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Paul Revere's house, in Boston's North End, is an intimate museum of domestic life in 17th-century Boston.


 

 

American patriot Paul Revere (1735-1818) was a silversmith, bell-caster and revolutionary agitator, but he is most famously remembered for his "midnight ride" "through every Middlesex village and farm" to warn colonial Americans that a British expeditionary force had set out "by sea" from Boston.

The "Regulars" landed in Charlestown, and were on their way through Middlesex County to Lexington and Concord to sieze arms and ammunition stored there by the colonial "Minutemen" militias.

Paul Revere's house in Boston's North End (map) is well worth a visit.

It's the oldest extant house in Boston, and is a suitable museum of the age in which Revere and his revolutionary friends worked for independence from British colonial rule.

Revere was an important figure in the American revolution, but it was Henry Wadsworth Longfellow's poem, "Paul Revere's Ride" (1863) that assured Revere's place in the pantheon of American revolutionary heroes.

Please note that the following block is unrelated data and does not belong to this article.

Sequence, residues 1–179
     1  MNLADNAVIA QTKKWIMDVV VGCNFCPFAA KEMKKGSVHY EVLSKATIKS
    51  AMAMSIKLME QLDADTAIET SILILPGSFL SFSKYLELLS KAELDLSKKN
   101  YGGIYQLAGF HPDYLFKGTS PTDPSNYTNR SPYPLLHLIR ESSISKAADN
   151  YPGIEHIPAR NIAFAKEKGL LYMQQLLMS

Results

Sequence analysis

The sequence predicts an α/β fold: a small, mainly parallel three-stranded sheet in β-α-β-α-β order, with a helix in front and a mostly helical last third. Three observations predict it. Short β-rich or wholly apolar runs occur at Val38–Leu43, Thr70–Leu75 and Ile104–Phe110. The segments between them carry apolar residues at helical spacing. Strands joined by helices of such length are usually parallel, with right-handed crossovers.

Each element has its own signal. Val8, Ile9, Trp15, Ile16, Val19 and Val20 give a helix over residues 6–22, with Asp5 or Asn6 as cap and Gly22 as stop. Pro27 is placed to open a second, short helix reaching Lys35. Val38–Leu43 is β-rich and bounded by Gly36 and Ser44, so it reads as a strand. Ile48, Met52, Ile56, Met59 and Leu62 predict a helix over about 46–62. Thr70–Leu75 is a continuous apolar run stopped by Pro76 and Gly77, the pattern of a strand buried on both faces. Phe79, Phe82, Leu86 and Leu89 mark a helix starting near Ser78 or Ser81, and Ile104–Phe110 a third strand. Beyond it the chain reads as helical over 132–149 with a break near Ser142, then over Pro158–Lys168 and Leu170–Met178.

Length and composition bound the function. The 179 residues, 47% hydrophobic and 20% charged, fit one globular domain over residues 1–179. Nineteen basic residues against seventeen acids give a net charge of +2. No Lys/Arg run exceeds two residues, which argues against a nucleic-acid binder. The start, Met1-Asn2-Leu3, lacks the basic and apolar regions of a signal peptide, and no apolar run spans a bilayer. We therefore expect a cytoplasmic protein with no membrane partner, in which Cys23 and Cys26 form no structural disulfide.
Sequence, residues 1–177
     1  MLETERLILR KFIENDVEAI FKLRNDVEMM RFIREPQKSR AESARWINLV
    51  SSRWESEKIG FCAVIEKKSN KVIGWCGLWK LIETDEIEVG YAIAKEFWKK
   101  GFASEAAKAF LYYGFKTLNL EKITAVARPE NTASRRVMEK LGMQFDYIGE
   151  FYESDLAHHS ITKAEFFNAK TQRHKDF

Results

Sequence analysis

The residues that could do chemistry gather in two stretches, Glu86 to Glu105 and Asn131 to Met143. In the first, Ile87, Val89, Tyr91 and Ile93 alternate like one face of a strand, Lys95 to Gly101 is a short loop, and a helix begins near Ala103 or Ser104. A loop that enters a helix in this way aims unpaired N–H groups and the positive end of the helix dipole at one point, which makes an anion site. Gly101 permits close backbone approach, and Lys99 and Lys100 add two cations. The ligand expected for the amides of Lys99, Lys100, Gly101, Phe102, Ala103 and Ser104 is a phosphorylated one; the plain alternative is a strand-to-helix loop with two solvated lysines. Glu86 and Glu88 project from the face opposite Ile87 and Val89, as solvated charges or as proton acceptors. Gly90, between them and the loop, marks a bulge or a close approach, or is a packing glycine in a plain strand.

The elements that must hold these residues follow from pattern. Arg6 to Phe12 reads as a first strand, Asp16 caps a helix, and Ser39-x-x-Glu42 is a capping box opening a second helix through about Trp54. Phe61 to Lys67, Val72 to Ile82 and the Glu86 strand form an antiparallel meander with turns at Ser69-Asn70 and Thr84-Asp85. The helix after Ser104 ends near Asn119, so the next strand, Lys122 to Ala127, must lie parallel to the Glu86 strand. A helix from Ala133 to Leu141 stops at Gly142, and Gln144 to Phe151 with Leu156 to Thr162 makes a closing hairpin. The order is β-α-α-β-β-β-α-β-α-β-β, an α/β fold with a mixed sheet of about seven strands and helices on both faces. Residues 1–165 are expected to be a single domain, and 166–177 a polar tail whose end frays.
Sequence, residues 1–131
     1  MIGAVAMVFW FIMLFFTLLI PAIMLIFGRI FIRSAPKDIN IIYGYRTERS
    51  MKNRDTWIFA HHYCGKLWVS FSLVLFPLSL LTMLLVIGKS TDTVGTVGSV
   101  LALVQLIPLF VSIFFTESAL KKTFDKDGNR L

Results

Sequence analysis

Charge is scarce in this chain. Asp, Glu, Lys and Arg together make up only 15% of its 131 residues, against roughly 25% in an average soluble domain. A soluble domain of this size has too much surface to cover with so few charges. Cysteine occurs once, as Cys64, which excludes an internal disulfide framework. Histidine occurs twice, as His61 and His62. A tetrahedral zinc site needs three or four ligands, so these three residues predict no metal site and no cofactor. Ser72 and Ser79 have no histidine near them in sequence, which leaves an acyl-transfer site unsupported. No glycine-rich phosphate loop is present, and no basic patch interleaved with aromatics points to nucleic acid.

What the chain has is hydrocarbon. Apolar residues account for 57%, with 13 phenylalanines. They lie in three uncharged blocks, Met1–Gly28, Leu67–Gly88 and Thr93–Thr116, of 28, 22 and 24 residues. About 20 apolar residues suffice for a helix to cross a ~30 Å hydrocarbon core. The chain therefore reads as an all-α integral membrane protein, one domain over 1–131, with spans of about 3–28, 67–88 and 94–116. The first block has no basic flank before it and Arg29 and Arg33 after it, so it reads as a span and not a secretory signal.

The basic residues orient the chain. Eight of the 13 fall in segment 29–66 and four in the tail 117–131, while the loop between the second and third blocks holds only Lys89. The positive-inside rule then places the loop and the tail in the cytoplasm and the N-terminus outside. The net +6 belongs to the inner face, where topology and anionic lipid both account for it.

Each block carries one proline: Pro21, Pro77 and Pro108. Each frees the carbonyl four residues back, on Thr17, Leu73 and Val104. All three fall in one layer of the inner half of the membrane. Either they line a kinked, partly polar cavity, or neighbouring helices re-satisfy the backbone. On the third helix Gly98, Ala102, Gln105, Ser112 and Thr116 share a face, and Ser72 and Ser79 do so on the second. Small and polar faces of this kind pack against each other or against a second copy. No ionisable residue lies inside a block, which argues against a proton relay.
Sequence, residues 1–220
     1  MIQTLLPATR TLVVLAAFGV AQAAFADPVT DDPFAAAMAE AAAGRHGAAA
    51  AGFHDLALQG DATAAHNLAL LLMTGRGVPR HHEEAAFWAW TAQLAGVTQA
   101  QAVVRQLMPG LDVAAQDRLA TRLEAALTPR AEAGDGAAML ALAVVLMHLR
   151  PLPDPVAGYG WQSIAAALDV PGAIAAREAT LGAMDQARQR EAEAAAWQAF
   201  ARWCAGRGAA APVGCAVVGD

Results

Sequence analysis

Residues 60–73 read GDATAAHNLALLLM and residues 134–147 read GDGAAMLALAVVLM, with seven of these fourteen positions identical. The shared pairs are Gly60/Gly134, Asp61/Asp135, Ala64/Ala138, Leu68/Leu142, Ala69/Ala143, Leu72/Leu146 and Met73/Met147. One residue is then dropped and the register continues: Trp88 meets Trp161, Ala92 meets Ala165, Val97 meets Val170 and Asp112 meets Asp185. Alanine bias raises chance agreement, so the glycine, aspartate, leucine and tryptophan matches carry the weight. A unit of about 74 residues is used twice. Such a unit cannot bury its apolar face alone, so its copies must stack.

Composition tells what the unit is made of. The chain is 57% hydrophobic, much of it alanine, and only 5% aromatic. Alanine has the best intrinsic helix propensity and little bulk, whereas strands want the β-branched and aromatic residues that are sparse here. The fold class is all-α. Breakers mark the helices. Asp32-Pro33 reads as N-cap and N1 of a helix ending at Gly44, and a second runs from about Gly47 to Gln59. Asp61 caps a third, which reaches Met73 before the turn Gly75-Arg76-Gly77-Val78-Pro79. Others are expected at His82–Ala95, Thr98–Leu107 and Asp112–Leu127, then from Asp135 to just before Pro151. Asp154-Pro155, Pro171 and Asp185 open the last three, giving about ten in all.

Actually, Revere was not alone—William Dawes rode as well—and Revere never made it all the way to Concord, having been captured by the British on the outskirts of that town. (A plaque along Battle Road marks the spot of his capture.)

But he got the word out, which others then carried to all the towns and villages in Massachusetts and beyond.

The Paul Revere Memorial Association maintains the Paul Revere House...and the memory of the great patriot who once lived in it.

Paul Revere House
19 North Square (map)
Boston MA 02113
Tel 617-523-1676

—by Tom Brosnahan


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Paul Revere House, Boston MA

Paul Revere's House, North Square,
Boston MA.

 

 

 

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